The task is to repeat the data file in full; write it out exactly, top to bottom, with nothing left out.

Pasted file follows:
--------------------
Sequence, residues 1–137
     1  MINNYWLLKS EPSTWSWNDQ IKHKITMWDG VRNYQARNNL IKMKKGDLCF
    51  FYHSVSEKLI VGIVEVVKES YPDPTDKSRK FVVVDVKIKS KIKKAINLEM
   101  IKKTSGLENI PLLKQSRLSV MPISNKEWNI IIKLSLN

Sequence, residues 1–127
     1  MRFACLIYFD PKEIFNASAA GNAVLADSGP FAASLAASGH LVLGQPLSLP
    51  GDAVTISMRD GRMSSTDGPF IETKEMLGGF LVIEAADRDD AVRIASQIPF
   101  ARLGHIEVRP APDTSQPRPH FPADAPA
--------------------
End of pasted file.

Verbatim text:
Sequence, residues 1–137
     1  MINNYWLLKS EPSTWSWNDQ IKHKITMWDG VRNYQARNNL IKMKKGDLCF
    51  FYHSVSEKLI VGIVEVVKES YPDPTDKSRK FVVVDVKIKS KIKKAINLEM
   101  IKKTSGLENI PLLKQSRLSV MPISNKEWNI IIKLSLN

Sequence, residues 1–127
     1  MRFACLIYFD PKEIFNASAA GNAVLADSGP FAASLAASGH LVLGQPLSLP
    51  GDAVTISMRD GRMSSTDGPF IETKEMLGGF LVIEAADRDD AVRIASQIPF
   101  ARLGHIEVRP APDTSQPRPH FPADAPA